L.A. Noire was developed by Team Bondi and published by Rockstar Games in 2011. It is a neo-noir action/adventure game set in Los Angeles in 1947 and follows the case adventures of Cole Phelps, a recently discharged marine, as he pursues a career in law enforcement following his time in service during World War II. For someone such as me, this is a massive-scale game, encompassing three discs for the Xbox 360 (I am only accustomed to one-disc games) and eight square miles of the L.A. landscape, as you are capable of driving from one end of the city to the other.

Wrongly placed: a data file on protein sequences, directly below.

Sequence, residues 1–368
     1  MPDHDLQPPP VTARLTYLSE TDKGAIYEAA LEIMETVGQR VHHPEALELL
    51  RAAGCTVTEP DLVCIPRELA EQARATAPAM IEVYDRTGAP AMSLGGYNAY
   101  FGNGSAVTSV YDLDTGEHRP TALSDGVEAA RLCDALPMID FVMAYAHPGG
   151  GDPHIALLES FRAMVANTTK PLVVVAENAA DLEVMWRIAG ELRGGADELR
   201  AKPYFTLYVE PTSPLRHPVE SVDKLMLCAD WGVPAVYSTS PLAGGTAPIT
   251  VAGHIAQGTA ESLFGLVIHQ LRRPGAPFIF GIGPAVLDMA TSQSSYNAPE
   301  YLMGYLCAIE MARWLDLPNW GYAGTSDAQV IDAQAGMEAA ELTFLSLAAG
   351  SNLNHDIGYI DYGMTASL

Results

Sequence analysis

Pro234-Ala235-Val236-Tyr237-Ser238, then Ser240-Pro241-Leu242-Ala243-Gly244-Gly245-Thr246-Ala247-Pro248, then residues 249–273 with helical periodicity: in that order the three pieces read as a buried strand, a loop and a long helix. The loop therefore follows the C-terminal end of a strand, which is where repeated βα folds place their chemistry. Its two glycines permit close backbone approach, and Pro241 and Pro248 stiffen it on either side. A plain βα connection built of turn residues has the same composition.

The story is divided into many layers. Overall, this game is the tale of Cole as he pushes his way through the ranks and makes a name for himself in the LAPD. He starts out as a beat cop and works his way up through several divisions: patrol, traffic, homicide, vice, and arson. Within that scope are several large cases that span multiple divisions, most notably Cole tracking down the Black Dahlia killer and dealing with army surplus morphine that has somehow made its way into the hands of junkies. To top it off, most of the large-scale cases tie in to one another to paint a picture of a large-scale crime, unknowingly gripping the residents of Los Angeles. The grand cases are divided up into multiple individual assignments that not only stand well on their own, but when combined, paint an overall picture of the next feather Phelps desires to put into his cap. Each assignment is set up in a cut scene cleverly designed to give the player an outside perspective of the case without giving away pertinent details. There are also plenty of cut scenes showing Cole during his time with the marines that provides exposition and backstory for not only Phelps himself but also the overall arcing cases, including two other key marines in this game: Jack Kelso and Courtney Sheldon. Additional back story is provided via newspapers that can be found during gameplay that momentarily break gameplay to give the player omniscient details unknown to Cole.